Fifteen years ago, the debris was cleared out and the building was restored thanks to the efforts of local citizens who care for our history.  Re-named the Provo City Library at Academy Square, it’s been a thriving part of our community ever since.  We keep a record of the reconstruction process on our website, but some of my favorite pictures can be seen below. 

construction collage

With the recent rebuilding of the Provo Tabernacle and its conversion into the Provo City Center Temple, I’m not the only one who has noted the similarities between two buildings with such deep roots into our city’s past. Both of these buildings were originally built around the same time with funds raised by the community, meant to be used and appreciated by everyone in the community. Both buildings have had many different uses over the years.  And when both buildings finally gave way to time and weather and age, both were raised up and given new life and purpose.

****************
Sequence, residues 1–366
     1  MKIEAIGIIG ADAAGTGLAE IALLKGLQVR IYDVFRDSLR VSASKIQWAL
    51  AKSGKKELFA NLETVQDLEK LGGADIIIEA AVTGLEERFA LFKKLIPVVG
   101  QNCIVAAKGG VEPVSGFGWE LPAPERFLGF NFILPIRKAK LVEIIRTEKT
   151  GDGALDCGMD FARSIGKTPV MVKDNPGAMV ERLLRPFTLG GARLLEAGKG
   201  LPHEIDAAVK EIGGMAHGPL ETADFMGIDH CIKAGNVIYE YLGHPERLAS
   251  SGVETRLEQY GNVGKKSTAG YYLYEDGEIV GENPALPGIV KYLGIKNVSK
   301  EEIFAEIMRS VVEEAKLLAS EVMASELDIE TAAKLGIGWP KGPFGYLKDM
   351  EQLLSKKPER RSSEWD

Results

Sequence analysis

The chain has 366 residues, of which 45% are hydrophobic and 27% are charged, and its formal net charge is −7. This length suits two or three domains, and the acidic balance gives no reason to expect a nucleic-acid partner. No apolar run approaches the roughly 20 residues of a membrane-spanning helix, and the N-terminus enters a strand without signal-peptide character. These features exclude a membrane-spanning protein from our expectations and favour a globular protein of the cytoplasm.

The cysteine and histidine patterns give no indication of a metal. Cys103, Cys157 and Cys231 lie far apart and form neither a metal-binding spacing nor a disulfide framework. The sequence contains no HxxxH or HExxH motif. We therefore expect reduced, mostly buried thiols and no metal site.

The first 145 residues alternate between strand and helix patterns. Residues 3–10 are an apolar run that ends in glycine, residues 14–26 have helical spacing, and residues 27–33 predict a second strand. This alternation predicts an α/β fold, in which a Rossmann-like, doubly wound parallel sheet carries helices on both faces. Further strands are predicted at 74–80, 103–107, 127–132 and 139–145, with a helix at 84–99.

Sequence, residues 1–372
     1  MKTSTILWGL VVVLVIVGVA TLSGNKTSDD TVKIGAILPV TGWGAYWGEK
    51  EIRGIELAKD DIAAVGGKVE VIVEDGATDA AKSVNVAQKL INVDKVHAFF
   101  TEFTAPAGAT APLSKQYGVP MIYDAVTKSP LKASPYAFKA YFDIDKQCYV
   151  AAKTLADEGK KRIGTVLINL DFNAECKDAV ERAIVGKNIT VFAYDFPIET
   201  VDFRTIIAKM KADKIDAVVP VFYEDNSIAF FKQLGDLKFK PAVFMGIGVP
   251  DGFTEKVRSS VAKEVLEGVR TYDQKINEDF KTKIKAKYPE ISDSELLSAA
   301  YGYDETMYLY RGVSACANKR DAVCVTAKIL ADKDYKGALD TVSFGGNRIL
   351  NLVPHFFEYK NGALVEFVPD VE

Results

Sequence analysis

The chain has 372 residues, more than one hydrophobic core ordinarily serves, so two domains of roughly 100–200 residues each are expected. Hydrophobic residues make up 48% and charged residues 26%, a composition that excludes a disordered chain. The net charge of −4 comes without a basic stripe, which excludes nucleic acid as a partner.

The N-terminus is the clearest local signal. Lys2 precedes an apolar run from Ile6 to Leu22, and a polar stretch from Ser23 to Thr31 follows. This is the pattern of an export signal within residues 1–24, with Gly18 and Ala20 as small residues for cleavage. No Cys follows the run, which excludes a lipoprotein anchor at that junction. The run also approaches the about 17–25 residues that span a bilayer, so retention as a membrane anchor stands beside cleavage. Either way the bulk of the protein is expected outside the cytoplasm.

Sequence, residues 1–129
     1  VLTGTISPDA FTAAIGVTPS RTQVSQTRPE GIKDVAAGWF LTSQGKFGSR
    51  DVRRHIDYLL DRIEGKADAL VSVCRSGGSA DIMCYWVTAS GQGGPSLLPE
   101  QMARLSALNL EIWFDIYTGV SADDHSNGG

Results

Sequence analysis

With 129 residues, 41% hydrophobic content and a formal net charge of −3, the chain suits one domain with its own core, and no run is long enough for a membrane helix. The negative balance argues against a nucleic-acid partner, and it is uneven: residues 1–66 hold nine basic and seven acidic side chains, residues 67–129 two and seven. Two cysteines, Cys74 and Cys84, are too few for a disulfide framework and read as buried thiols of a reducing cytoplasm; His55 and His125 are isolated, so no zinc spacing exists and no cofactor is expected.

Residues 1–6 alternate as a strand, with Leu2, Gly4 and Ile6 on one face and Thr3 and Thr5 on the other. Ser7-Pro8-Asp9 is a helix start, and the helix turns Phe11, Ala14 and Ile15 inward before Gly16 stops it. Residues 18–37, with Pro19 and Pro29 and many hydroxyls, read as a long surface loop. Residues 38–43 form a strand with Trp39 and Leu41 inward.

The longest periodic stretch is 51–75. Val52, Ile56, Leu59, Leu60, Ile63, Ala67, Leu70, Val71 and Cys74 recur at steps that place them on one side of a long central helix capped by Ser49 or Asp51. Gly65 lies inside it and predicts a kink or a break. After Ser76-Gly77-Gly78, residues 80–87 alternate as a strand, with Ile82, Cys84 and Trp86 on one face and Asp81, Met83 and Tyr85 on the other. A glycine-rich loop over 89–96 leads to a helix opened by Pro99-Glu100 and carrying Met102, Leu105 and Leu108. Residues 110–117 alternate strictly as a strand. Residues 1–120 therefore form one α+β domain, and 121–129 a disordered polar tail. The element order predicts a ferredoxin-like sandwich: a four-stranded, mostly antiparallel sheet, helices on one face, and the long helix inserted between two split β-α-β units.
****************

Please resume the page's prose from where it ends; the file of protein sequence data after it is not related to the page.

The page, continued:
And so, while celebrating the rebirth of the Provo Tabernacle and the revitalization it will give to downtown Provo, I’m taking a minute to celebrate the rebirth of the Brigham Young Academy as well.  It is a palace once more.  Thank you to everyone in the community for supporting the library.  We look forward to many more years of service.

REFERENCE

1. Butterworth, E. (1975). Brigham Young University: 1000 Views of 100 Years. Brigham Young University Press, p. 31